I’m usually pretty amped for anything spring-cleaning related by the time my home-a-versary rolls around in mid-May, and this year was no exception; today marks the day four years ago that I came home to this place. It’s most fun to check out the change that has happened to this home in the before + after section, so check it out if you get a chance today.
What is different about this casual celebration is that it’s (dear-god-hopefully) the last of the years we’ll celebrate in this little home.
State of moving aside, we never, ever should have put off tending to our planter beds last fall when the flowering and harvesting season ended, no matter how distracted we were by banks and house shopping, or our wedding, or whatever it was that we were preoccupied with. Shame, shame. We just about deserve to be having to look at this daily. Death and overgrowth in the form of dried out and leafless tomato plants, and weeds so big that we weren’t 100% sure that they weren’t actual plants.
What makes me feel especially lazy is that working together, our clean-up efforts only took about 2 hours, and covered much more ground than our little square planters. With a little bit of hand weeding, tilling, and edging with a flat edge shovel, we left the backyard looking like this:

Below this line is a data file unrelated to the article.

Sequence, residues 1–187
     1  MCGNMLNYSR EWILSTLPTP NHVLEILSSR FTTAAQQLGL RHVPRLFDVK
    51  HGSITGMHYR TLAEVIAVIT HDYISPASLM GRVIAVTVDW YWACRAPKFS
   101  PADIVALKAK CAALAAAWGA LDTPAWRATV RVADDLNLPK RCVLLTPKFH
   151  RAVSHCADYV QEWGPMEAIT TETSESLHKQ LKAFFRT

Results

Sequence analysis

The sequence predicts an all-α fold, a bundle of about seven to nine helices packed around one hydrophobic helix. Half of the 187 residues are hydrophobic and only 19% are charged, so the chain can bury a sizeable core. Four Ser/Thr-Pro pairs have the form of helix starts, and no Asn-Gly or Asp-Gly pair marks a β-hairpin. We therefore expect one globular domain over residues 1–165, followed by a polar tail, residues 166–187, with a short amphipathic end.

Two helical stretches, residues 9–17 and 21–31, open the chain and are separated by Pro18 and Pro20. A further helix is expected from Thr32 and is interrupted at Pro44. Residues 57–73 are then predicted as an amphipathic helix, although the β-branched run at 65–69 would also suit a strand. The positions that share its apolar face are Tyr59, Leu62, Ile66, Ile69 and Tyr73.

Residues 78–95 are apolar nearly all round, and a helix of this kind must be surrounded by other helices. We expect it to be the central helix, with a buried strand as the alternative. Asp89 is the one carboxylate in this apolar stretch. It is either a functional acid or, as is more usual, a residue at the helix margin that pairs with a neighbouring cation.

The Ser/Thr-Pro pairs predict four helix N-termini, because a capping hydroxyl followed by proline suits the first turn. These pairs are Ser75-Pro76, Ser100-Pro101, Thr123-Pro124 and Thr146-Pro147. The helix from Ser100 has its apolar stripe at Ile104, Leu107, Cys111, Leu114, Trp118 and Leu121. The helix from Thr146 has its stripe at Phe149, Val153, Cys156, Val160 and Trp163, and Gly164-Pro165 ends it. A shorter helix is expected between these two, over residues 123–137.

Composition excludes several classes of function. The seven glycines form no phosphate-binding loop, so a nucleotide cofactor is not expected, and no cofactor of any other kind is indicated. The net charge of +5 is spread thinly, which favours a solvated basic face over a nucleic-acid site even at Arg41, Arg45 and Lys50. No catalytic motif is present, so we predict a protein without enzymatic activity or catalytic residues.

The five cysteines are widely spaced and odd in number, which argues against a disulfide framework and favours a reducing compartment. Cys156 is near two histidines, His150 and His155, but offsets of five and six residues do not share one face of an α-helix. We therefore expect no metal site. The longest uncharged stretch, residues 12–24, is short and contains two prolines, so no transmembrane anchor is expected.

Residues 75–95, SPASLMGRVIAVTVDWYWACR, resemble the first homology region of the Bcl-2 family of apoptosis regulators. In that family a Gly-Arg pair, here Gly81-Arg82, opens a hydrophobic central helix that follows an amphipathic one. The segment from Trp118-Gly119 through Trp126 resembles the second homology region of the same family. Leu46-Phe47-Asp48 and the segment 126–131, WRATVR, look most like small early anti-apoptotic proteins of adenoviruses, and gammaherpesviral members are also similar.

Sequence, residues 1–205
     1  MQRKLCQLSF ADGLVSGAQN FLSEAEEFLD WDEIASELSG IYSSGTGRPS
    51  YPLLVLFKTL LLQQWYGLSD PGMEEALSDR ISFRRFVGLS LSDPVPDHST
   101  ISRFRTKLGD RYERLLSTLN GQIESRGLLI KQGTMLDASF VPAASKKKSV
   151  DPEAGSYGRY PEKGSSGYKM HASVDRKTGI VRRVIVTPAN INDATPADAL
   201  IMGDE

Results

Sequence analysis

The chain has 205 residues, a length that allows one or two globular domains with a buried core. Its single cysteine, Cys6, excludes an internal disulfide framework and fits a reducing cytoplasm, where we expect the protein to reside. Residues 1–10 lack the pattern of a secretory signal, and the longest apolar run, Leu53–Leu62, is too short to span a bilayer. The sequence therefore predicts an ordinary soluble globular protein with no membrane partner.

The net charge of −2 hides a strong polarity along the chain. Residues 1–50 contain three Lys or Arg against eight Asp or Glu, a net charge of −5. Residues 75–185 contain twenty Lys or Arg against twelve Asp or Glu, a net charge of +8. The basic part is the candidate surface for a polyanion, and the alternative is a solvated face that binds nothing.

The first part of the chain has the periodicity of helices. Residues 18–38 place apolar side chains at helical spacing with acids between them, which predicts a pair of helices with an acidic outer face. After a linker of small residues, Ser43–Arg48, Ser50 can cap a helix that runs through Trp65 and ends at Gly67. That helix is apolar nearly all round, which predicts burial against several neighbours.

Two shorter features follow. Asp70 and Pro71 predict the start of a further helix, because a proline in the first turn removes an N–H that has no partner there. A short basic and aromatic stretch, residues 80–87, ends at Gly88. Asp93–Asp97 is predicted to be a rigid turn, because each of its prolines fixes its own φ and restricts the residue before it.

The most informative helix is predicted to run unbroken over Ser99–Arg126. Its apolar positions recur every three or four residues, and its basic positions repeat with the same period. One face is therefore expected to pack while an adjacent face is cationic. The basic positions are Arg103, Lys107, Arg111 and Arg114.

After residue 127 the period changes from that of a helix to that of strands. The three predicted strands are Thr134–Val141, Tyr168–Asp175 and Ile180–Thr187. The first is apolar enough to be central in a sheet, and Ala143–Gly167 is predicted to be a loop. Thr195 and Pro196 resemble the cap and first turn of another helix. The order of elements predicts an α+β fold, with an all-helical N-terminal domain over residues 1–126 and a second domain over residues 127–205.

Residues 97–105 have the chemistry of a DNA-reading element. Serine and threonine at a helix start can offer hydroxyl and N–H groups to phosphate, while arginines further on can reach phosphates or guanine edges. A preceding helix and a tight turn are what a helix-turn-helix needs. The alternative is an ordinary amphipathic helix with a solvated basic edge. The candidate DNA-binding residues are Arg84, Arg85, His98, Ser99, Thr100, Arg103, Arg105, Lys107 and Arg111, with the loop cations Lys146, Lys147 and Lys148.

If you’re wondering what it is we left in those planters, they’re raspberries that either shot under the ground and up through the planter holes (big mama plants are in the back left corner), or, more likely, we experienced some significant bird poop seed transport. The babies that seeded are doing really well–and by that I mean most are already as thick as my thumb–so we decided to leave them to flourish. Also worth noting, a bunch of plants along the left fence were perennials from last year’s deck planters. They survived!